NEW DELHI/AMRITSAR: A cash prize of Rs 1 lakh to its ‘hit’ team, an assortment of jammers and spoofers and multi-layered patrols by security personnel are some of the measures taken by the Border Security Force (BSF) to check the increasing infiltration of drones carrying drugs and arms from Pakistan into India.
The well-fortified and fenced border along the two neighbouring countries is witnessing an “onslaught” of drones, the most being in Punjab, with sightings more than tripled and shooting of the unmanned aerial vehicles (UAVs) gone up multiple times in 2022 as compared to the last year, official data showed.
Each BSF ‘hit’ team at the border that brings down a drone through rifle firing or use of jamming technology is being rewarded with a cash incentive of Rs 1 lakh, according to latest policy decision taken by the force sometime back to motivate the troops in battling the drones menace, a senior BSF officer told PTI.
A similar amount of reward was announced by the Jalandhar-based Punjab frontier of the force in April for the locals or the public who inform the BSF about those elements who use drones to get drugs and arms from Pakistan, he said.
This year, till December 25, the BSF has downed 22 drones and the reward of Rs 1 lakh each has been handed out to more than a dozen ‘hit’ or shooting teams deployed on the front, till now. An awardee could be a single trooper or more than one on a case-by-case basis, he said.
All the 22 drone kills, this year, have taken place along the Punjab border.
Only one drone each was shot down by the BSF in 2020 and last year (in Jammu in 2020 and in Punjab in 2021), the data said.
According to official data, drone sightings along the 2,289-km-long India-Pakistan International Border (IB) running along Jammu, Punjab, Rajasthan and Gujarat has increased from 77 in 2020 to 104 last year and 311 this year (till December 23). Almost 75 per cent of these sightings have been made in Punjab, where drones have been majorly used by the other side to push in and drop drugs.
The border guarding force has also deployed an assortment of electronic jammers and spoofers to block the frequencies and navigation path of these narcotics and arms carrying drones leading to their immobilisation.
Jammers and spoofers are gadgets that emit electromagnetic waves and send fake GPS (global positioning system) signals respectively to cripple a flying drone and they are subsequently taken down either by controlled piloting of the device called ‘soft kill’ or just by firing at it using a gun, also called a ‘hard kill’.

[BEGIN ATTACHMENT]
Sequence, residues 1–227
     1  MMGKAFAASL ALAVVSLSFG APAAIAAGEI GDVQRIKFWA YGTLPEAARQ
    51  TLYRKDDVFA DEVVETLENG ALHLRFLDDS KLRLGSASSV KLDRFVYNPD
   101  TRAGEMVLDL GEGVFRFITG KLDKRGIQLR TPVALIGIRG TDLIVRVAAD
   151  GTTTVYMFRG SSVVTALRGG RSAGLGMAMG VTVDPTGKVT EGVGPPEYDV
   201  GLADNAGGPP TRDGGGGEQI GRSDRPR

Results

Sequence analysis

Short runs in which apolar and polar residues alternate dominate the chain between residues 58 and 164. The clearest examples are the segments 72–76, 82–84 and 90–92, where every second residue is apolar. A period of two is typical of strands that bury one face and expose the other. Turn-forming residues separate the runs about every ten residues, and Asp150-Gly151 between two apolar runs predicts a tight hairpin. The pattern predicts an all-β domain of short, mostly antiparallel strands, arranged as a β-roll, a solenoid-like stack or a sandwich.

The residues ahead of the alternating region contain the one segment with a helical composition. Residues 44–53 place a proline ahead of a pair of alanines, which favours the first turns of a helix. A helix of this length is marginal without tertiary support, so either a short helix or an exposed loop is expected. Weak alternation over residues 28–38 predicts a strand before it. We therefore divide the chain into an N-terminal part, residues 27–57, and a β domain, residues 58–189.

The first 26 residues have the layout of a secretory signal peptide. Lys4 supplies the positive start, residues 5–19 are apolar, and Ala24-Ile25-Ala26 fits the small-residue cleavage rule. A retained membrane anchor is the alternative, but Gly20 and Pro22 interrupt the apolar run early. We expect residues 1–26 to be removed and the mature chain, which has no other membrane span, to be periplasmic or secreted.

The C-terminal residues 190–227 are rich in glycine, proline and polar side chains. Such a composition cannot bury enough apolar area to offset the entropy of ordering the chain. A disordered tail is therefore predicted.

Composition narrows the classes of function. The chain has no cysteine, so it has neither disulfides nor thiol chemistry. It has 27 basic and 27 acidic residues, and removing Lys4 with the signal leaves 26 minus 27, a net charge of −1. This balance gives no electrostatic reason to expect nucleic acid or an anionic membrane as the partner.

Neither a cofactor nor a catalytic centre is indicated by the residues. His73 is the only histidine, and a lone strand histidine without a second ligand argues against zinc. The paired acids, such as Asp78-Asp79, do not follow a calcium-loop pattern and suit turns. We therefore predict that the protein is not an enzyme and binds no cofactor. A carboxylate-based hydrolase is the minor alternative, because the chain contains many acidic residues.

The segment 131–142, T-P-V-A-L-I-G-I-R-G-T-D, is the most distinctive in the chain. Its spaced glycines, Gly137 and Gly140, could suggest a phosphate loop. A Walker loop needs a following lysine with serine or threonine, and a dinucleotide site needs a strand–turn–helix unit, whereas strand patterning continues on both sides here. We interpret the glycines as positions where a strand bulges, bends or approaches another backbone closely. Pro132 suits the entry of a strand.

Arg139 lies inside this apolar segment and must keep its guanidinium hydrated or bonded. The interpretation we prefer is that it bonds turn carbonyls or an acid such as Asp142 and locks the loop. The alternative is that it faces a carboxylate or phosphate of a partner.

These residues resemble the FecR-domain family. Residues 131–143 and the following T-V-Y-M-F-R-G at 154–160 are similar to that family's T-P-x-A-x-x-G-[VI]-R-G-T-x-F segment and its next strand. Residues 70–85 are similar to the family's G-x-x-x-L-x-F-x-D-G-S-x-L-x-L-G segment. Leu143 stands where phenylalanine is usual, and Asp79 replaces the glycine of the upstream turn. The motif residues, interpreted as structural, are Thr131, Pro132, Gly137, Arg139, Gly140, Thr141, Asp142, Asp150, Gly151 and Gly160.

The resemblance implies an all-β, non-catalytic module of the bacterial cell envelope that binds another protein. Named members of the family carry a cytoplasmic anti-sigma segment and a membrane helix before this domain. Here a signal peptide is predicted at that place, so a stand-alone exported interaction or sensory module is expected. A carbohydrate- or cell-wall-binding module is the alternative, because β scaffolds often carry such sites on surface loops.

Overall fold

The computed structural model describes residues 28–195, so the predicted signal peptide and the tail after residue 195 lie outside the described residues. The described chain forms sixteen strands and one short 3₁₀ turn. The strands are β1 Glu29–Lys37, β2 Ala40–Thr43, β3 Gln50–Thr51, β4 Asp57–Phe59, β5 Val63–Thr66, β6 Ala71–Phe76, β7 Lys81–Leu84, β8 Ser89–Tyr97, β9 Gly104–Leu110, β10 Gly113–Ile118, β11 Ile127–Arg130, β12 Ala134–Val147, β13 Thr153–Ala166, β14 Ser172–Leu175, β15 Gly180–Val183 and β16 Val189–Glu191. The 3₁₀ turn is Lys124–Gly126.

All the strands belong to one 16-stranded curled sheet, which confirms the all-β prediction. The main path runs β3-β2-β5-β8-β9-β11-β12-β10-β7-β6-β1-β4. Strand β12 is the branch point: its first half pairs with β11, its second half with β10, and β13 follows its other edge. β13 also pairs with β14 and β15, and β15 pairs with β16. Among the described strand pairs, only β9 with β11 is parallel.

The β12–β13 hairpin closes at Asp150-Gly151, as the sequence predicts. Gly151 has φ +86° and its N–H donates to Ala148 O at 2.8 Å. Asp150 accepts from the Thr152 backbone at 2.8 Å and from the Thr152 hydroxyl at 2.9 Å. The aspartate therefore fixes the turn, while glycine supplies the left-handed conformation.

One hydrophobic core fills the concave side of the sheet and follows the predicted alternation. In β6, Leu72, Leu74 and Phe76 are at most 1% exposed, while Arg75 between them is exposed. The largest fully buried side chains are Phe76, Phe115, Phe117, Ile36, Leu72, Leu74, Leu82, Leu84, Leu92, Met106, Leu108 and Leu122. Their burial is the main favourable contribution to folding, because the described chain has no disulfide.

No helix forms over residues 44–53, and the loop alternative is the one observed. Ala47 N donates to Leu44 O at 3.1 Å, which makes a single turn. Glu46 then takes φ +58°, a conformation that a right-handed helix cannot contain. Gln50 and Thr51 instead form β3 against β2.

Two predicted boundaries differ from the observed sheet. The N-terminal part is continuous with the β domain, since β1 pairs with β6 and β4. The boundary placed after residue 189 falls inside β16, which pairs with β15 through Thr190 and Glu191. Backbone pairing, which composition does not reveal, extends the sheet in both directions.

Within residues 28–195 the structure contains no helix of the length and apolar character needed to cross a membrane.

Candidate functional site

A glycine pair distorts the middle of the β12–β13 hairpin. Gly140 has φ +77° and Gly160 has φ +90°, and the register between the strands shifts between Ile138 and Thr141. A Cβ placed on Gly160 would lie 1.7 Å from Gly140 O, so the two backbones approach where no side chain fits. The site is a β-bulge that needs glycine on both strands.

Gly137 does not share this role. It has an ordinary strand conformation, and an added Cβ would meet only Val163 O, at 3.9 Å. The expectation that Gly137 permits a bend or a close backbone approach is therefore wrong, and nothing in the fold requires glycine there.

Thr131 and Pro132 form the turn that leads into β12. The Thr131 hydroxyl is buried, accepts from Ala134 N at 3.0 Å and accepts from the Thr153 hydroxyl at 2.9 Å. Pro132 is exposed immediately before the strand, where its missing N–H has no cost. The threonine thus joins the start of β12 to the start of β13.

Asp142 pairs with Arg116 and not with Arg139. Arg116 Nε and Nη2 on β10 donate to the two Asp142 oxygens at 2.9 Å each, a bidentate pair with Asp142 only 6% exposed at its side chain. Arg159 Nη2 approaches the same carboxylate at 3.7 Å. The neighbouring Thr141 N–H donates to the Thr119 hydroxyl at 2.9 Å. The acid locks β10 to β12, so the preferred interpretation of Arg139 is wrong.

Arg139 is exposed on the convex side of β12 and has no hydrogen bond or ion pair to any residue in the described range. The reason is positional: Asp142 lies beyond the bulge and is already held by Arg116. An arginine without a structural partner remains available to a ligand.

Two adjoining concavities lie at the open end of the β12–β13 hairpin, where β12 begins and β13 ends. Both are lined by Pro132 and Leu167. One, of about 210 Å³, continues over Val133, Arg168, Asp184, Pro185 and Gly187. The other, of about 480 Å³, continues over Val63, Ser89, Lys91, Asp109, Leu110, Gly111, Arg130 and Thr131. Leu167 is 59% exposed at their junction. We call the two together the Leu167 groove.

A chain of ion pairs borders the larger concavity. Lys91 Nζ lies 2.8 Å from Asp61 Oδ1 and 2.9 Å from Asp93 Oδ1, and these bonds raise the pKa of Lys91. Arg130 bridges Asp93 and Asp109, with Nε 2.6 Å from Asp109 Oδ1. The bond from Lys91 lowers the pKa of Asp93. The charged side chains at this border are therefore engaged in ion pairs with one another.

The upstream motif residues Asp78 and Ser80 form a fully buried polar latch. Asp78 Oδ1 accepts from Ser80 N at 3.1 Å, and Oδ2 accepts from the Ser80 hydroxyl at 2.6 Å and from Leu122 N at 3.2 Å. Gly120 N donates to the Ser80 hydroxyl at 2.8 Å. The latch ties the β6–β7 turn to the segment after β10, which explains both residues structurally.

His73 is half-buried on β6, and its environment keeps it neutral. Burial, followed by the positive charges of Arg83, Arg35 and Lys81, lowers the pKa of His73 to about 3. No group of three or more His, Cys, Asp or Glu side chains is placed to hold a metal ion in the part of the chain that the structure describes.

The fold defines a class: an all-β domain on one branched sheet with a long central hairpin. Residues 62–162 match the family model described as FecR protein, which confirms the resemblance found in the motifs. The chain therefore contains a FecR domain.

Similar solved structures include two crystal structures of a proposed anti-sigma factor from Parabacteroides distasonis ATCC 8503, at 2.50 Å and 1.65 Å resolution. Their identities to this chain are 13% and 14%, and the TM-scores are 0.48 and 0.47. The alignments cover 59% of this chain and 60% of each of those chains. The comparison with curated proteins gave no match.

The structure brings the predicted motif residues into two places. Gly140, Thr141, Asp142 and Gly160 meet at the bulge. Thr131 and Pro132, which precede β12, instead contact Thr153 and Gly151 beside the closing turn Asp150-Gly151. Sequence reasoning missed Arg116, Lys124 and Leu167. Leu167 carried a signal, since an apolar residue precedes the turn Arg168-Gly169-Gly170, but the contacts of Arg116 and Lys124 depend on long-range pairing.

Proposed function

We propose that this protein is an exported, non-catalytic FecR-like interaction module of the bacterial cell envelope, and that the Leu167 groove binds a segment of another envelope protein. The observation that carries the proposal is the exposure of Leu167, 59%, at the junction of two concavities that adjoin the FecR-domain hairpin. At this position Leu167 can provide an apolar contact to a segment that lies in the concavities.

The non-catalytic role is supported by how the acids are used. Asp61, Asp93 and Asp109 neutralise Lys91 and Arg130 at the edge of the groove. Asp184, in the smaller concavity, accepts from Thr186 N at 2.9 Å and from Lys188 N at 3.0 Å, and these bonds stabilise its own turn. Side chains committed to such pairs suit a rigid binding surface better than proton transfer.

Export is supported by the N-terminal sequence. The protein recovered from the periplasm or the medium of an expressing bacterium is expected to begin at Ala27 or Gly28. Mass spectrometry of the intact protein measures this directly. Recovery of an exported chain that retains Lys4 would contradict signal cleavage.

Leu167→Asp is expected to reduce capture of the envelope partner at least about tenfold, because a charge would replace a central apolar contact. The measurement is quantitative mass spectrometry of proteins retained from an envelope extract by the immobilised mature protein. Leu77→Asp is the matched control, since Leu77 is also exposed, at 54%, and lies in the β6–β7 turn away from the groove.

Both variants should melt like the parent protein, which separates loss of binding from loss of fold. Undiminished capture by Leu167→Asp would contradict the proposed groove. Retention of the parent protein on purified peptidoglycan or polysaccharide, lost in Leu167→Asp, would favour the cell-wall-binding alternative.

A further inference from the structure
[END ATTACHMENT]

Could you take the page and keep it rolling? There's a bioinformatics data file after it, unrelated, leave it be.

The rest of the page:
“There have been few instances where the electronic devices deployed by the force in the border areas jammed the drones originating from Pakistan and once the device gets stationary in the air, it was shot down,” a senior officer said refusing to disclose further details.
What BSF is doing now is that it has deployed a number of quick position-changing ‘hit’ teams and ‘depth patrols’ in the border areas so that they can make maximum kills and even if the drones escape after dropping the payload of drugs or arms, criminal elements are not able to pick it up, the officer said.
The Punjab Police has provided as many as 200 of its personnel to carry out this task with the paramilitary force.
BSF Director General Pankaj Kumar Singh had said last month that the force has been “bombarded” by the onslaught of drone flights at the western front from across the Pakistan border.
“The BSF has has been at the receiving end of the drone menace for quite some time… the versatility of the drone, which is very well known, has been posing problems to us with respect to nefarious elements who have found new uses of the drone and the anonymity, the quick flight and quick getting back bypassing the frontiers of the country by going to a sufficient height,” he said.
The problem, the DG said, was grave.
“We do not have a foolproof solution as of now. They (drones) have been bringing across narcotics, arms and ammunition, counterfeit currency and all kinds of things,” the BSF chief said.
The force has now begun performing a forensic analysis of the chips recovered from the downed drones to analyse their flight path, launching and landing point, timing and GPS coordinates, Singh said.